A salute to the dry driver

On 14 December 2015 the Queensland Department of Transport and Main Roads launched our Christmas road safety campaign, dry drivers, we salute you.

Despite huge changes in attitudes to drinking and driving in past decades, we know from our research that drink driving is still a factor in 1 in 5 fatalities on Queensland roads, and nearly 1 in 10 serious casualties.

This campaign offers a practical, simple solution to avoid drinking and driving – the designated, or dry driver. This is a concept which is raised repeatedly in our discussions with the community about how to stem the road toll.


Our research shows that many people who drink and drive say they do so because of the overwhelming desire to get home.

Decisions are often made at the worst possible time, when drivers are already drunk, but convince themselves that they are ‘right to drive’.

For this reason the campaign encourages Queenslanders to plan their transport needs before they start drinking.

The ads mimic the anthemic feel of the beer ads which proliferate at this time of year on our televisions, and reposition the dry driver as a hero who saves his mates from awkward interactions, bad dancing and dodgy kebabs, while getting them home safe, and having fun along the way.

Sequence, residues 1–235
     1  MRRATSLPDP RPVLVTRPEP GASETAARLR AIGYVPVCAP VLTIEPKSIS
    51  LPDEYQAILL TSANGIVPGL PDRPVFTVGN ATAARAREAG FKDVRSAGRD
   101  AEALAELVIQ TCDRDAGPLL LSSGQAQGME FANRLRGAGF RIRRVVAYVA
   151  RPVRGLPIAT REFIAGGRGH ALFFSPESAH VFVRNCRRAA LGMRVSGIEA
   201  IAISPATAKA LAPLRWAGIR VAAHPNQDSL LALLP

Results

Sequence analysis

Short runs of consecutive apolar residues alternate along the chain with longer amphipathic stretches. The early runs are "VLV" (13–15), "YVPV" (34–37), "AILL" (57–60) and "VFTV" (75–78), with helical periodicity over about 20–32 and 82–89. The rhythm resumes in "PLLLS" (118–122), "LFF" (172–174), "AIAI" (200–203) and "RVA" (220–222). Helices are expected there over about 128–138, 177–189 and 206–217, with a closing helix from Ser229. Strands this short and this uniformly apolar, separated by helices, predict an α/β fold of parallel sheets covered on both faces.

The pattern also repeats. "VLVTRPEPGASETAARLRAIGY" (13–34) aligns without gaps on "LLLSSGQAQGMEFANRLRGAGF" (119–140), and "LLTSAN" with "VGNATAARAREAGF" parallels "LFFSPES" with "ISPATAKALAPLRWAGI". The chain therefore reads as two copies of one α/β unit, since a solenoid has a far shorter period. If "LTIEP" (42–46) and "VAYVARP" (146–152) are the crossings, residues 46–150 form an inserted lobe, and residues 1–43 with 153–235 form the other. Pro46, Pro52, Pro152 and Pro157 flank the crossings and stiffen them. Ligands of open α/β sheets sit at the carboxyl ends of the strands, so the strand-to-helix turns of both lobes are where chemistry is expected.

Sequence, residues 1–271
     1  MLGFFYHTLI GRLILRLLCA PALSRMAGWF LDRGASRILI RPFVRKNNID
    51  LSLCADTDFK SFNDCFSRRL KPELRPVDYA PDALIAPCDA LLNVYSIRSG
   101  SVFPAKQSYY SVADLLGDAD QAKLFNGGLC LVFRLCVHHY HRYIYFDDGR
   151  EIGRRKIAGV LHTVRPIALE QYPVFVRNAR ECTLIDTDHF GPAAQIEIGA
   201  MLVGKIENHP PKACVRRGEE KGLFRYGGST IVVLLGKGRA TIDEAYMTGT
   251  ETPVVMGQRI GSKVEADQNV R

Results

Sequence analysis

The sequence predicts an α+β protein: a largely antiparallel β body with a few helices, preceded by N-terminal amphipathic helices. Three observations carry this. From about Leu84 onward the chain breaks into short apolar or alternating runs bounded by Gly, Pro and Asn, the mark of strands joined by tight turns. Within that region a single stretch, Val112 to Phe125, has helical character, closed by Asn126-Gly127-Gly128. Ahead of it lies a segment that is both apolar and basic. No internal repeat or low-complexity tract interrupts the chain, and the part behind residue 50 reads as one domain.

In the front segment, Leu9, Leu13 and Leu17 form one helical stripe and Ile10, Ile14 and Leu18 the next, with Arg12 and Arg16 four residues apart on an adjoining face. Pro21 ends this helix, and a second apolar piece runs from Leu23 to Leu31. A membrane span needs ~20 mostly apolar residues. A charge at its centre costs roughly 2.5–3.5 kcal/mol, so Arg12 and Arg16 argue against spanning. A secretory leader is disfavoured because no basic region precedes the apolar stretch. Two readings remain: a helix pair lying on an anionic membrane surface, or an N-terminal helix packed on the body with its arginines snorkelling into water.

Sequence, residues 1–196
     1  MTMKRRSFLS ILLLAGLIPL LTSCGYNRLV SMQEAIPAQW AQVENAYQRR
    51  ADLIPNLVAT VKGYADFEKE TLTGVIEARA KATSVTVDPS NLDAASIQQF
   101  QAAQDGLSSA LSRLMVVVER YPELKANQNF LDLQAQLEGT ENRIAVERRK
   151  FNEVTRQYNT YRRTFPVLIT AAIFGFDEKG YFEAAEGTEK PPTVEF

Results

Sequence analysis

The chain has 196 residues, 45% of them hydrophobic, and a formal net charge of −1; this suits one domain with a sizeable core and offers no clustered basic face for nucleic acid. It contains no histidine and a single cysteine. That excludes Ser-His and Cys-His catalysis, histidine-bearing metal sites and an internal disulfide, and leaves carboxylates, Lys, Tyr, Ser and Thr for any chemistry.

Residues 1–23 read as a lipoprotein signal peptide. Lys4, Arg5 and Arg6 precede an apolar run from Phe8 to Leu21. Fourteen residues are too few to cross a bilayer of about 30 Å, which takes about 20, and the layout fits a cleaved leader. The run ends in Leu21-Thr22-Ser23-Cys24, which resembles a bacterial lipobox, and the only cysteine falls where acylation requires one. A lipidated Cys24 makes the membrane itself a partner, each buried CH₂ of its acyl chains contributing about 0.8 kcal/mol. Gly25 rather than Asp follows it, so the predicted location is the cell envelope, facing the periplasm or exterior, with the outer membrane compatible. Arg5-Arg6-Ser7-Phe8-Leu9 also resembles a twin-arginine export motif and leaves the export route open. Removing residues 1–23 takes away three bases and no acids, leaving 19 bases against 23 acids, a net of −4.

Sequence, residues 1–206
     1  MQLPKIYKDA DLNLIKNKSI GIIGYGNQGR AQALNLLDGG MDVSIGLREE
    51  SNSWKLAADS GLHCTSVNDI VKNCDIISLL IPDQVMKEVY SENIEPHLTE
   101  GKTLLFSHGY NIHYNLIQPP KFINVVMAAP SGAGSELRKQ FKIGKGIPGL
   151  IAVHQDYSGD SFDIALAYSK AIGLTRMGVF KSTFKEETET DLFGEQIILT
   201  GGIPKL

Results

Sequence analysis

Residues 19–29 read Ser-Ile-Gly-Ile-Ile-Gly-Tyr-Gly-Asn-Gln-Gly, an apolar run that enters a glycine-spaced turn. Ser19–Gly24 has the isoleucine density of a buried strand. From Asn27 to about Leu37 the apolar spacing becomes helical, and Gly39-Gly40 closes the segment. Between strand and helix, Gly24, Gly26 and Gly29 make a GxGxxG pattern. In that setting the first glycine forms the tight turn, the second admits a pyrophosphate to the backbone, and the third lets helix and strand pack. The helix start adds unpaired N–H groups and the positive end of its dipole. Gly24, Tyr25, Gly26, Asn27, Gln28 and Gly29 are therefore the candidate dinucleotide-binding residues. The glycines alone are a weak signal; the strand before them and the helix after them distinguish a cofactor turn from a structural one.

With men accounting for almost 86% of drink drivers involved in fatal crashes, the ad purposefully focusses on blokey mateship – also mimicking beer ad themes.

The light-hearted approach to the very serious issue of drink driving is an evidence-based attempt to make it OK to discuss the issue of having a dry driver before you head out on the town – something that families and friends tell us can be a hard conversation to initiate.

The ads celebrate the designated driver, the one who does the right thing and keeps his eye on his mates, stops you from acting like a tool, and cares about their mates’ safety. They are laidback, a good guy and a good friend, but also having fun.

An integrated mix of advertising including television, cinema, radio promotion, online and outdoor is being supported by social media and a range of interactive activities. A Facebook meme is also gaining support.

Other alternatives to drinking and driving, such as using public transport or staying the night, will be promoted through social media and other free channels.

While drink driving is only one of the factors driving the road toll, it is one where campaigns focussed on changing behaviour can have a significant impact.